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The Cuba Conundrum: Who Is Attacking Our Diplomats and Spies in Cuba?

A few days ago, the State Department announced that it was advising Americans to no longer travel to Cuba, and sent half of its staff at the United States Embassy back home. The reason is the strange and dangerous series of sonic attacks on American diplomats working in the Embassy; also, at least one attack was aimed at a diplomat staying at the famous Capri Hotel, once the homestead of the American mob in the '50s.

Among their problems,” the Washington Post reported, “are hearing loss, dizziness, tinnitus, balance problems, visual difficulties, headaches, fatigue, cognitive issues and sleeping difficulties.” At least one American suffered brain injury. The State Department said only our diplomats were purposefully targeted for sonic attacks: “Only Americans suffered these problems; Cuban employees working in the Embassy did not.”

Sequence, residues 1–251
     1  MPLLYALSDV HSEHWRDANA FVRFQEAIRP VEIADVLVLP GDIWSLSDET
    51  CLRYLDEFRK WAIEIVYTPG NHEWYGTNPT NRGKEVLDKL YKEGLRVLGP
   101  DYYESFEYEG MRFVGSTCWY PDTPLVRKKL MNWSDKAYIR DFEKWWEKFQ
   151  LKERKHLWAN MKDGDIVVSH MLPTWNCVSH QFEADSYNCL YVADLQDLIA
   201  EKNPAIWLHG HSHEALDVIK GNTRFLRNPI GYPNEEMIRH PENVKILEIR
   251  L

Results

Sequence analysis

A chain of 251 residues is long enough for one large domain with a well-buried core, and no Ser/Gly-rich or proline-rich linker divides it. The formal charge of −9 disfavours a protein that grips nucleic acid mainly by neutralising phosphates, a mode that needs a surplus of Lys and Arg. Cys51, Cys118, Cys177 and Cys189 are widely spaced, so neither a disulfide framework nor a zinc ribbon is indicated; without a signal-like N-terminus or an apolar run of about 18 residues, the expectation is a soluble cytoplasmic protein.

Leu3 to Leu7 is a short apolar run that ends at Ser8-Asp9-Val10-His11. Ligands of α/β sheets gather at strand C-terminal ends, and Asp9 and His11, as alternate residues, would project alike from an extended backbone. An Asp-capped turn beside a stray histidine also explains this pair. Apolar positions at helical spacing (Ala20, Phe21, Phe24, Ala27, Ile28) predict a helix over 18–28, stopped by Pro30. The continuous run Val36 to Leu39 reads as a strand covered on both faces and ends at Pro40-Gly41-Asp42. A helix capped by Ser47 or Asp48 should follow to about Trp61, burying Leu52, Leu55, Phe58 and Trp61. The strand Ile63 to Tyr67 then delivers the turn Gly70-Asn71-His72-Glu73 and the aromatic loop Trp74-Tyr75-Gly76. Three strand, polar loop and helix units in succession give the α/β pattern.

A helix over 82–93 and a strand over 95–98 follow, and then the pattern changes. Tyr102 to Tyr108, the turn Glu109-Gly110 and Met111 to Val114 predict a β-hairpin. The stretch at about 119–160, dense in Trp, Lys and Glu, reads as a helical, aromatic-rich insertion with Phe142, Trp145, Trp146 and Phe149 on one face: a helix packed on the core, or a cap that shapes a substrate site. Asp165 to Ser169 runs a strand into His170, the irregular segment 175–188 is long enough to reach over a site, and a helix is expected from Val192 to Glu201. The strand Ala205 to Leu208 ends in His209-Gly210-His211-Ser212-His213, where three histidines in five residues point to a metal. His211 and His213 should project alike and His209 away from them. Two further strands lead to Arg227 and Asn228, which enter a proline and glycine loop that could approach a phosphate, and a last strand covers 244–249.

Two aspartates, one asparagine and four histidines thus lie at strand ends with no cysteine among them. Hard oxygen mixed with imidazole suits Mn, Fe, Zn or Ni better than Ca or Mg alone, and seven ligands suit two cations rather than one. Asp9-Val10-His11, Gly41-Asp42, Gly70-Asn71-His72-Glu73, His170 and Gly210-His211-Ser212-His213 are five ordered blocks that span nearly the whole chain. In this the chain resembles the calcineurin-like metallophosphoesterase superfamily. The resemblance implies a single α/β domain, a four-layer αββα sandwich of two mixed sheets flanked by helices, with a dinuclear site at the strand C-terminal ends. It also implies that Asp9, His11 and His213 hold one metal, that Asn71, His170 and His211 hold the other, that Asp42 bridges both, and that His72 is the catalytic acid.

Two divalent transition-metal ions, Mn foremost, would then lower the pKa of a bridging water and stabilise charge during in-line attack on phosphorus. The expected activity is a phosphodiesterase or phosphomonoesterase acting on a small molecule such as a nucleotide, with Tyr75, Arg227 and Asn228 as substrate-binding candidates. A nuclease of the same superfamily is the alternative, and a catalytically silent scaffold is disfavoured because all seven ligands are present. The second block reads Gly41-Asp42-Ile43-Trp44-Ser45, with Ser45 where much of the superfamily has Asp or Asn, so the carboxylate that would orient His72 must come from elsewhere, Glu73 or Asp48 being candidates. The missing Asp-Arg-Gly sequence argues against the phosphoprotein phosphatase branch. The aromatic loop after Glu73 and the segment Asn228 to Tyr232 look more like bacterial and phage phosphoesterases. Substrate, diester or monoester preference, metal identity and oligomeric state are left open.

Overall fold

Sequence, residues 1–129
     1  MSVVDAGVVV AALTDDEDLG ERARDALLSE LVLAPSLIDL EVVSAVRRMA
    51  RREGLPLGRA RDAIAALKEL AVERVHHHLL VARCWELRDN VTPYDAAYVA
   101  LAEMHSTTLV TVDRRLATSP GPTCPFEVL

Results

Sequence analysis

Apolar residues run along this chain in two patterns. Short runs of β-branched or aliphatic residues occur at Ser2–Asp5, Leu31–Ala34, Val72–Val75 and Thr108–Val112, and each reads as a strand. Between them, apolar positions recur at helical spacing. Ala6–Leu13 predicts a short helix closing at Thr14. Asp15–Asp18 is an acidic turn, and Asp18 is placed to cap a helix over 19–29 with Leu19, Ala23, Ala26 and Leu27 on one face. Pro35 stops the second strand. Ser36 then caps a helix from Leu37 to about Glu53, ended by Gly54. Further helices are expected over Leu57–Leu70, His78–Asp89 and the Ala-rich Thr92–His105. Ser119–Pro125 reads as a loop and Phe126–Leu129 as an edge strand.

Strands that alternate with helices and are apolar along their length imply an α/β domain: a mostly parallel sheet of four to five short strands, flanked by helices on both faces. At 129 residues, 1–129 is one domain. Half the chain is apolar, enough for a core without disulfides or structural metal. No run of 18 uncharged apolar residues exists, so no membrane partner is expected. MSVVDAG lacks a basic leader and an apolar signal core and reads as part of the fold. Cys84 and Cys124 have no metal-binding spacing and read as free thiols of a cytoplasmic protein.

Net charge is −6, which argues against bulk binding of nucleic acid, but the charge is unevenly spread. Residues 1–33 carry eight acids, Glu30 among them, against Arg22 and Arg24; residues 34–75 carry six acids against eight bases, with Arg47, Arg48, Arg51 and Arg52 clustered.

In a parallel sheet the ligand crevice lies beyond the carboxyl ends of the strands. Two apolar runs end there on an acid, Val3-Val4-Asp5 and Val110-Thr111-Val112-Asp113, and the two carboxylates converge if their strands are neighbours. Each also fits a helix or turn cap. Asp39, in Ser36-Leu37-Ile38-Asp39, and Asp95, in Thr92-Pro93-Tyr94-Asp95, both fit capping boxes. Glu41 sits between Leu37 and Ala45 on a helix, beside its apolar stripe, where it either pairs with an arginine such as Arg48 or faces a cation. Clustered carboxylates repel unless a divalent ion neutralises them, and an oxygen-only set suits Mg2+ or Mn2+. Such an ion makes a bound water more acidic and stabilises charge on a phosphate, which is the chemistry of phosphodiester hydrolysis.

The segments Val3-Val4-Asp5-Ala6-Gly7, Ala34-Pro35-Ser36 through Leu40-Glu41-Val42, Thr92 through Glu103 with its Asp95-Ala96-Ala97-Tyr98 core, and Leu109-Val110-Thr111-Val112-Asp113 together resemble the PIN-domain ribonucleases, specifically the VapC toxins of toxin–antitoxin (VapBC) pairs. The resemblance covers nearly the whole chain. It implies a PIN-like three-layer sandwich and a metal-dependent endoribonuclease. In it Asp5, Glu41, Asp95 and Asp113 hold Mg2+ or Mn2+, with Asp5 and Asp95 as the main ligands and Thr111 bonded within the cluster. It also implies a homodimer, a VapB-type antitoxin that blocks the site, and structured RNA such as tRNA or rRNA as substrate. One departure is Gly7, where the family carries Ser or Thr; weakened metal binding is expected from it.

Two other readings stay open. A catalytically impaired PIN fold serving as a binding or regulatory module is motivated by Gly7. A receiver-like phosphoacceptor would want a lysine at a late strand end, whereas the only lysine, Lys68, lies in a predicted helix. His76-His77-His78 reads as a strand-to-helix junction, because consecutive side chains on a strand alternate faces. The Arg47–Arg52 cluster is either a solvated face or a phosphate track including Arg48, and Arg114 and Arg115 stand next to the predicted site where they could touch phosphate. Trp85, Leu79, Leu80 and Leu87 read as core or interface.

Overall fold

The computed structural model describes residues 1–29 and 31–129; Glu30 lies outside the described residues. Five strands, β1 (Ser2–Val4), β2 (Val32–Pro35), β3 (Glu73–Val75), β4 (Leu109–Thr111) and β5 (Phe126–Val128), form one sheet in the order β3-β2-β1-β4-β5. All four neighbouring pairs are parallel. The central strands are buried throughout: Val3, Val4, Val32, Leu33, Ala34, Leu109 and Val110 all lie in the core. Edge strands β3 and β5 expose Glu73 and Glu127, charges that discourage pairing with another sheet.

It also was reported that the Americans harmed included CIA agents, not simple diplomats. The AP reported, as the Chicago Tribune emphasized, “that U.S. spies were among the first and most severely affected victims” and that “it wasn't until intelligence operatives, working under diplomatic cover, reported bizarre sounds and even stranger physical effects that the United States realized something was wrong.” The incidents began, evidently, soon after Donald Trump’s election.

The big question: just who is responsible? Every Cuba expert knows that Cuban intelligence is perhaps the most organized and effective of all the old Communist dictatorships; they were well-trained by the notorious East German STASI and/or the KGB. We are familiar with their success in plying their spy craft from within our government. Two different Americans who were Cuban spies obtained the most sensitive secrets from both the State Department and the Defense Intelligence Agency. They both gave major top-secret reports to Cuba, which it then could easily, and probably did, send on to other U.S. enemies like Iran.